"He just said, "You can hit .300 in this league,'" Roberts recalled Monday. "To hear it from somebody like that, it kind of opened your eyes."
Not that he took Jeter's analysis too literally.
"I don't think it's just me. I think he does it to everybody," Roberts said. "But for some reason when he tells it to you, you think you're the most important person in the world."
Now they're teammates, and Roberts has a locker next to Jeter's in the New York Yankees' spring training clubhouse.
With a void at second base following the departure of Robinson Cano, the Yankees have given the position to Roberts, a two-time All-Star who made five trips to the disabled list totalling 481 days over the past four seasons. His many maladies included a strained abdominal muscle, pneumonia, two concussions (one self-inflicted), a groin strain, hip tear and hamstring strain.
"I know he hasn't played a full season in the last few years and he's obviously a guy that has some age on him, too, but my plan is to run him out there almost every day," Yankees manager Joe Girardi said.
Now 36, Roberts had hoped to be a Baltimore Orioles lifer, just like Brooks Robinson, Jim Palmer and Cal Ripken Jr.
"I've come to love the city, the fans," he said in February 2009 when the Orioles gave him a contract guaranteeing $48 million over five years. "This was the only place I wanted to be the rest of my career."
It didn't work out that way.
After hitting .283 in 2009 with 16 homers, 79 RBIs and a big league-high 56 doubles, he missed most of the following spring training with a herniated disk in his back. His first concussion was sustained on Sept. 27, 2010, when he knocked himself on the batting helmet with his bat after striking out in the ninth inning at Tampa Bay.
His total of 77 games last season was his highest since the injuries began, and the switch-hitter batted .249 with eight homers and 39 RBIs. Baltimore made no effort to keep him after he hit .246 with 15 homers and 78 RBIs over the past four years. The offensive performance would have been decent but not spectacular had he compiled it over a single season.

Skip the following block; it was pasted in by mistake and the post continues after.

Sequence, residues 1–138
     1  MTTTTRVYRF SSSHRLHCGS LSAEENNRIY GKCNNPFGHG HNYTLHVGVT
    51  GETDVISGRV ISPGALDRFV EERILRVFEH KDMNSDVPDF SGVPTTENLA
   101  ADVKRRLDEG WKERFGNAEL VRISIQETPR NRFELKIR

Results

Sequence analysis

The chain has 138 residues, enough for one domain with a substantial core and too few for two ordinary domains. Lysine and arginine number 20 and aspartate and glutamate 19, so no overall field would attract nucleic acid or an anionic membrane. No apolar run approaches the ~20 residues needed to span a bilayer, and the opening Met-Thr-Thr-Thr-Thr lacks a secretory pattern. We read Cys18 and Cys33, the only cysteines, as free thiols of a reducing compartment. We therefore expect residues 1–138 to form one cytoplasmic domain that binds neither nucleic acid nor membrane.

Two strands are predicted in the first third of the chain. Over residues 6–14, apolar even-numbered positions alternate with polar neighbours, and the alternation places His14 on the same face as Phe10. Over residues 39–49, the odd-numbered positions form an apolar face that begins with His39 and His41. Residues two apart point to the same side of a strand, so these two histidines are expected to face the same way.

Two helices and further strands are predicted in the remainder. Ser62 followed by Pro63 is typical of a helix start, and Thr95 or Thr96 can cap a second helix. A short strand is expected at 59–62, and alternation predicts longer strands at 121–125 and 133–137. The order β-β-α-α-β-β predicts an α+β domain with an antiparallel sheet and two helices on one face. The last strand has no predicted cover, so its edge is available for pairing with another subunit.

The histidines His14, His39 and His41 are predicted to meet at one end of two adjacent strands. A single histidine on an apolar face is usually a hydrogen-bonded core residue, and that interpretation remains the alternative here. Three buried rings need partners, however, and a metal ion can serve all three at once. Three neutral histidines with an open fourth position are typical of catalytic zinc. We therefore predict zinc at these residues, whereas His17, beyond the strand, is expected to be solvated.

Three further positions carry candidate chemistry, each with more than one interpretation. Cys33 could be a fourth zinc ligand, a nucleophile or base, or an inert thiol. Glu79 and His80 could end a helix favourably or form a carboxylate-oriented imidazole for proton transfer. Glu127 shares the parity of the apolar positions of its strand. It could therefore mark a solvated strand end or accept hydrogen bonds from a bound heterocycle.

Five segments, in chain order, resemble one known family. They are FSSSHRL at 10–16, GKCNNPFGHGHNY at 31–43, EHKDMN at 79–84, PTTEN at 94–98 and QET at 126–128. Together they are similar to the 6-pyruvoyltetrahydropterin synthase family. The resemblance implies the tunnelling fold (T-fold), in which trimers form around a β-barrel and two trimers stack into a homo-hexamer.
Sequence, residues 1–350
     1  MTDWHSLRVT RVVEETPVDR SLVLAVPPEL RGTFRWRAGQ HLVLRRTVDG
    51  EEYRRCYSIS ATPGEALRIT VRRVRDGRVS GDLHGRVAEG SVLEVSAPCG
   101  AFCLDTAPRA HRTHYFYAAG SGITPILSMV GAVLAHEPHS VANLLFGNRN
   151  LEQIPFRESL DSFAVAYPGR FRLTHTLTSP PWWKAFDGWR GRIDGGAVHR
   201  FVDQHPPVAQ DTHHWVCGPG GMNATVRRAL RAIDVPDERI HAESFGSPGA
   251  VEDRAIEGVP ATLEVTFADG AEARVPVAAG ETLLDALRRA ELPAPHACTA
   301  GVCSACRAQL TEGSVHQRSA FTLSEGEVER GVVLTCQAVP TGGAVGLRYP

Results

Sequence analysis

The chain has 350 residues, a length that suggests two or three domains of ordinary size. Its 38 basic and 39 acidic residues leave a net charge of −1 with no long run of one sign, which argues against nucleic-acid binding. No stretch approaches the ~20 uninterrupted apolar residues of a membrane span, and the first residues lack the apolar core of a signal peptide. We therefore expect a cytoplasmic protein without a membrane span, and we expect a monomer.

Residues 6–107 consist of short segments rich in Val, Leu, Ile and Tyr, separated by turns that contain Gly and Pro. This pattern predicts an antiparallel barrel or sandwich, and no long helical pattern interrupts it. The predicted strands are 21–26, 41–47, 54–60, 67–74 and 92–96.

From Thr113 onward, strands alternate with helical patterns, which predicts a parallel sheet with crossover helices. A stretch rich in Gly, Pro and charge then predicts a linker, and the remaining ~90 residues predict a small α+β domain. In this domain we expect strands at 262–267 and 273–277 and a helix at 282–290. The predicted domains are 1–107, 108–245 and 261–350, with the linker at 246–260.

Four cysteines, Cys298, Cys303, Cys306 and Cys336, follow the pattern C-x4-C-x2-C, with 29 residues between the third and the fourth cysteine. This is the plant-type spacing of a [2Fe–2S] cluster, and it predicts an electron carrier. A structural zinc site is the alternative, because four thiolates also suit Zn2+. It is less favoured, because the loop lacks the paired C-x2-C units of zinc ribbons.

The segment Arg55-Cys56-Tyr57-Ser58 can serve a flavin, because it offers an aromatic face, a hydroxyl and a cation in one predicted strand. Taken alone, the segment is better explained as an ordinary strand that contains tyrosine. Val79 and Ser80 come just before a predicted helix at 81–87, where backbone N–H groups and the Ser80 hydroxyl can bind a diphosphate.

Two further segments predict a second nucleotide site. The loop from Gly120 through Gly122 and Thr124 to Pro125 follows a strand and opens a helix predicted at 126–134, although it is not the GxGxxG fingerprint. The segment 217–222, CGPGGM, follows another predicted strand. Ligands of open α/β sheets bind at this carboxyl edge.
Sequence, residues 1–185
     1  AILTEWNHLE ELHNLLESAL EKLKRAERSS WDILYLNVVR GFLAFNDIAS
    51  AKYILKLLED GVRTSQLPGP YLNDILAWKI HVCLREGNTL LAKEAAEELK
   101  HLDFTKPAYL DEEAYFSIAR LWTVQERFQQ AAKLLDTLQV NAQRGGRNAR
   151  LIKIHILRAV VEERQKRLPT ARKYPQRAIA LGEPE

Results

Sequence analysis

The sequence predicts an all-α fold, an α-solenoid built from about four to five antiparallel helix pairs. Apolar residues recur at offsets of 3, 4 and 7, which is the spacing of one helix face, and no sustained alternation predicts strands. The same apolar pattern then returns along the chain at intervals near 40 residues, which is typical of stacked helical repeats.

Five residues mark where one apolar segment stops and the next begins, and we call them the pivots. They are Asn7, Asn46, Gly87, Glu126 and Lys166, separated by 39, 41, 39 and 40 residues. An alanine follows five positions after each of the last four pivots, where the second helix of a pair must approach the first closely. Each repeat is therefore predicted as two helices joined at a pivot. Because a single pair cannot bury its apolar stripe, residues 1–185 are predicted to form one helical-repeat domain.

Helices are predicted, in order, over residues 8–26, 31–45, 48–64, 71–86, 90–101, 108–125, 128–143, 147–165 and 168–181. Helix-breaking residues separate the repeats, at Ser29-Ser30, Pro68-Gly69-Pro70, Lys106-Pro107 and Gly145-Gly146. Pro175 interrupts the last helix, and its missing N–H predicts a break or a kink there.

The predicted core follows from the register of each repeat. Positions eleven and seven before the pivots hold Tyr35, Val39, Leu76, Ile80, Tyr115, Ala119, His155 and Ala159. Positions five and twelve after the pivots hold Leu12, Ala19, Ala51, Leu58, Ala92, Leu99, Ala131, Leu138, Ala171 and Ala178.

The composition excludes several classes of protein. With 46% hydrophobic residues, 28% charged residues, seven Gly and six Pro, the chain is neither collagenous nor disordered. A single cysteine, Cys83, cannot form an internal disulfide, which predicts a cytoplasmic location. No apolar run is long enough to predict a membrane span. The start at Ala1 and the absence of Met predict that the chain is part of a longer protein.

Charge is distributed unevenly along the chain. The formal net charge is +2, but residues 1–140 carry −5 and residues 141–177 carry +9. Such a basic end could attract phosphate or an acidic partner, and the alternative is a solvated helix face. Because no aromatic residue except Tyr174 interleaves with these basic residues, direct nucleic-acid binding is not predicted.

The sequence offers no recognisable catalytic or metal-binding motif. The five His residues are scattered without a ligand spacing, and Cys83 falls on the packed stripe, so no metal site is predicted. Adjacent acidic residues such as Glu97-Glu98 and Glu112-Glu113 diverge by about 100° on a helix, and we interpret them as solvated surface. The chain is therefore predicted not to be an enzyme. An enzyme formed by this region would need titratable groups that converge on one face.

"I don't know that you can necessarily put great words on how frustrating it is to have to sit on the sidelines and watch," Roberts said. "I've had numerous times over the last three or four years where I wondered if, for one, I'd be able to play again, and I think certainly going into last season I had no idea what the next year would hold, whether I would have a job in 2014, whether I wouldn't, whether I'd want a job."
New York signed him for the bargain price of $2 million, plus the chance to make $2.6 million in bonuses based on plate appearances. He'll be counted on for offence, given that the Yankees had 114 RBIs from second base last year, tops in the majors, according to STATS.
"There's going to be people that will want to look out there and say, 'Well, he's not Robby.' And I'm not going to be Robby. I'm not going to try to be," Roberts said. "I'm going to be Brian Roberts and, hopefully, that's good enough most days."
New York's infield is more Take A Chance than Tinker-to-Evers-to-Chance. First baseman Mark Teixeira played just 15 games last year because of a hand injury, and Jeter's broken ankle limited him to 17. With Alex Rodriguez serving a season-long drug suspension, Kelly Johnson figures to platoon at third with Brendan Ryan, Eduardo Nunez and possibly Scott Sizemore.
"It's not the infield that we had in 2009," Girardi said. "But we believe that there's a lot of capable players in here to put up offensive and defensive numbers, and when you look at those numbers as a whole, they're going to be pretty good."
Roberts remains in touch with his former Orioles teammates.
"A lot of my closest friends in the world are there. So sure. I've talked to them all in the last couple days. Is it weird? Is it different? Do I miss them? Yeah," he said before recounting his friendships with Jacoby Ellsbury, Jeter and Brian McCann.
After Roberts spent 13 seasons in Baltimore's black and orange, the Yankees' pinstripes will take getting used to. Like McCann, he heard many people tell him "anybody but the Yankees" when he was a free agent.
"You either love them or you hate them, right? And that's OK," he said. "Now I love them."